EIS provider to cut staff in reorganisation

EIS provider to cut staff in reorganisation

Oxford Capital, a firm that runs Enterprise Investment Scheme (EIS) products, is consulting on making a number of staff redundant.

A total of 14 staff at the firm's offices in London and Oxford have been informed of a consultation designed to make some of them redundant.

The number of people investing in EIS has fallen steadily since the government tightened the rules on the types of companies that qualify for EIS tax relief.

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But Oxford Capital stated the rules were not directly to blame for the looming redundancies.

A representative said: "We’ve reluctantly entered into a consultation period with 14 members of our staff which may result in redundancy for some of our workforce of 41 people.

"Over the last three years we have been reorganising the business to make it more competitive in the current market. This is not directly linked to the new EIS rules."

Investors in EIS qualifying companies can receive a tax break of as much as 50 per cent of the amount invested, with any income and capital gains exempt from tax.

The rules changed in 2015 which led to the number of investors into EIS products falling from 3,545 in the 2015/16 tax year, to 3,470 in the 2016/17 tax year.

In 2017 they were further tightened by chancellor Philip Hammond, who excluded companies that are "asset based" in favour of companies that are knowledge based.

The government initially introduced a seven year age limit for companies to qualify for EIS, and banned any one company from receiving more than £12m from investors.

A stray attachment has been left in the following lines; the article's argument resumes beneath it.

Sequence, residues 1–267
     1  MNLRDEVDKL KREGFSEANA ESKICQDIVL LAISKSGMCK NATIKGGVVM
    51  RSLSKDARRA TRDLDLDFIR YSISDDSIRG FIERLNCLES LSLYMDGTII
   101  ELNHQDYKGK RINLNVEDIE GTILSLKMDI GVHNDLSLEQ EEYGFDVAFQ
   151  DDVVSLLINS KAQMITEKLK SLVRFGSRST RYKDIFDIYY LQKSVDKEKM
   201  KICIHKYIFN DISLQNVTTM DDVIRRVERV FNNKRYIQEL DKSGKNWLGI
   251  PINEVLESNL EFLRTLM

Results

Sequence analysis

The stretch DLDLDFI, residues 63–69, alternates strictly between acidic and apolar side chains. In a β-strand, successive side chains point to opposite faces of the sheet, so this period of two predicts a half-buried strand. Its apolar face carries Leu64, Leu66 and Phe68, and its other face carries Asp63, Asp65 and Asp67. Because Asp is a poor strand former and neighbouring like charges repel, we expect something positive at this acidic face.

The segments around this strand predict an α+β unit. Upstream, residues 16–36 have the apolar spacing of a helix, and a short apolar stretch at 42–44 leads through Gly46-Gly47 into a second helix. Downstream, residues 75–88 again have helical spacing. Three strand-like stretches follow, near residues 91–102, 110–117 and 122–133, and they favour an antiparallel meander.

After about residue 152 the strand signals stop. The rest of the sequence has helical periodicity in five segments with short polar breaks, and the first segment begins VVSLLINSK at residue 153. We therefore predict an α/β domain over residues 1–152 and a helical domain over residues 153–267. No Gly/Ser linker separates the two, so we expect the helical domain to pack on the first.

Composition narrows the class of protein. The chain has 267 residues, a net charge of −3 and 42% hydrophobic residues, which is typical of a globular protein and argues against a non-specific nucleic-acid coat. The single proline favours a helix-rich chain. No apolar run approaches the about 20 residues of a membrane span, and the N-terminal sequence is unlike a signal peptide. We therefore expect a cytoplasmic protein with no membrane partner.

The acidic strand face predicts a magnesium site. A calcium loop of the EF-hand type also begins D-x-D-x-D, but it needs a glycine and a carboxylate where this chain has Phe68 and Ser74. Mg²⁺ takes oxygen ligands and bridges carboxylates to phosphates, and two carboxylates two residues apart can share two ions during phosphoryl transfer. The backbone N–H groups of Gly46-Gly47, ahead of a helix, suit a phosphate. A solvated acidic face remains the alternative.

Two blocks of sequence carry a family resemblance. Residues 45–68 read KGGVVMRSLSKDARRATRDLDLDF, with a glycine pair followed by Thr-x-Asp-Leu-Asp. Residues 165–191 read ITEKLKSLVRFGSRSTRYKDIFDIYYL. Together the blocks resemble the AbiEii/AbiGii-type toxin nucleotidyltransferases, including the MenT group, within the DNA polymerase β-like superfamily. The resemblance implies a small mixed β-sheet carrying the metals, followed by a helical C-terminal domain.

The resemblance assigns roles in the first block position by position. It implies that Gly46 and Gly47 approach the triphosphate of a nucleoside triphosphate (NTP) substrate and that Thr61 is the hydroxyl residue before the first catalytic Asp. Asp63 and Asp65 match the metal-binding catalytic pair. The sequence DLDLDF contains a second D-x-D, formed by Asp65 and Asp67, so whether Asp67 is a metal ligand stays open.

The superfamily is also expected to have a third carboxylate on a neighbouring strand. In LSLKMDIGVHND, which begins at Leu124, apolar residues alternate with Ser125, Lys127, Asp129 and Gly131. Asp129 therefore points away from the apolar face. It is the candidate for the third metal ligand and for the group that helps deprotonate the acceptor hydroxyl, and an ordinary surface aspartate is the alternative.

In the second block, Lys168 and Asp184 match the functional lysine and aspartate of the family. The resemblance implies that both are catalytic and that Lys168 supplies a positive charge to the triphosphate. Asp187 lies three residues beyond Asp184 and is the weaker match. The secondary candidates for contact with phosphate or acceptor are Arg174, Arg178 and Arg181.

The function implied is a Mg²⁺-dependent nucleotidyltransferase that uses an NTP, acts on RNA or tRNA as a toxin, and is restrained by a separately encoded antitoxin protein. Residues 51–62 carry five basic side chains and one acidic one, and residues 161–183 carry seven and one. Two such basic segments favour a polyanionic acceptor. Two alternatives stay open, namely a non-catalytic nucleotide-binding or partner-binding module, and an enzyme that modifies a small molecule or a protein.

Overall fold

In addition, companies wishing to receive EIS funding must now show that capital is genuinely at risk. This came after the Treasury had previously stated it felt too many EIS funds were engaged in "capital preservation" investments, which carried little risk and so did not justify the tax breaks investors received.

Alex Davies, founder of tax efficient investment specialist Wealth Club, said as many as 50 per cent of the companies that may have qualified for EIS tax relief before would not qualify under the new rules.

Ingenious, a company that invests in media assets, was forced to pull its fundraising in February, after deciding that the types of assets into which it wished to invest would unlikely be approved for the EIS tax breaks.

Media is one of the three areas Oxford Capital lists on its website as being its areas of specialism. The others are infrastructure and technology.

Richard Hoskins, a partner at tax efficient investment specialist Kin Capital, said: "Oxford Capital is one of a number of firms that had heavy exposure to the renewables sector, they grew very fast from investments in infrastructure, but the rule changes mean the music has stopped.

"I'm afraid I think there will be more bad news. Demand overall is lower for EIS products. There are a lot of managers chasing deals rather than just chasing the tax breaks, and that means there are a lot of managers chasing the same deals.